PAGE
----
Today is twenthieth anniversary of the first World AIDS Day, established to commemorate those who have died of the disease and marshal attention to address the epidemic. The World AIDS Campaign has declared “Lead-Empower-Deliver” to be the theme for this year.
For the last several years, AI has been zeroing in on the message that AIDS is a human rights issue. Human rights abuses place people at greater risk of contracting HIV, and, all too often, those living with HIV and AIDS are subjected to human rights abuses.
Check out Amnesty’s special web feature in honor of World AIDS Day.
Nowhere is the link between human rights abuses and HIV and AIDS clearer than in South Africa, where women, particularly those living in rural areas, face not only high HIV prevalence and high levels of sexual violence, but also widespread poverty. AI’s report, I am at the lowest end of all, draws on the stories of women who, having contracted HIV as a result of violence, must now overcome extreme poverty and disrcimination in order to obtain treatement.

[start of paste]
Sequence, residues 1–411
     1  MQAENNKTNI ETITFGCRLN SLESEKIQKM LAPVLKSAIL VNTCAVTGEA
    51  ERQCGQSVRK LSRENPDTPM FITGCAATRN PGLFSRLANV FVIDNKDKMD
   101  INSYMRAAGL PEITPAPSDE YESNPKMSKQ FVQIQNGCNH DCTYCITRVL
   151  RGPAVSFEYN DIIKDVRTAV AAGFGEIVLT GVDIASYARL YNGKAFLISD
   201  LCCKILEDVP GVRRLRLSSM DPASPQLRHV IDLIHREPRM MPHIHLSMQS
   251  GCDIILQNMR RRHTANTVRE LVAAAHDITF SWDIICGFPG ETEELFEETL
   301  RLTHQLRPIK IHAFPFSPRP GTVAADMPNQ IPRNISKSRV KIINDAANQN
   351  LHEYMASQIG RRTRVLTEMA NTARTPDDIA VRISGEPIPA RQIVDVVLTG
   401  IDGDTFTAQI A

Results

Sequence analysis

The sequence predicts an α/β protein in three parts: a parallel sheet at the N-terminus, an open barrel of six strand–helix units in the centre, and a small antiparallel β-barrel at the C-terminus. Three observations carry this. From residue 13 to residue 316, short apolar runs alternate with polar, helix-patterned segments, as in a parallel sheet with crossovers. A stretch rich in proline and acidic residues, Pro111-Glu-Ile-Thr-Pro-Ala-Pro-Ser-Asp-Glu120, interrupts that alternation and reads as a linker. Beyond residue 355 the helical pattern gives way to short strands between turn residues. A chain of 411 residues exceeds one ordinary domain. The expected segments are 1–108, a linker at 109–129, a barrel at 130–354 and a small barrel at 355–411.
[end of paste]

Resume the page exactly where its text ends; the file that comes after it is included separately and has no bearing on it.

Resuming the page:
Circling back to this year’s theme of leadership, Amnesty wants to know how governments measure up to our 10-point plan of action on HIV and AIDS and human rights. How is the U.S. doing? What changes would you like President-elect Obama to make to U.S. policy on HIV and AIDS when he takes office?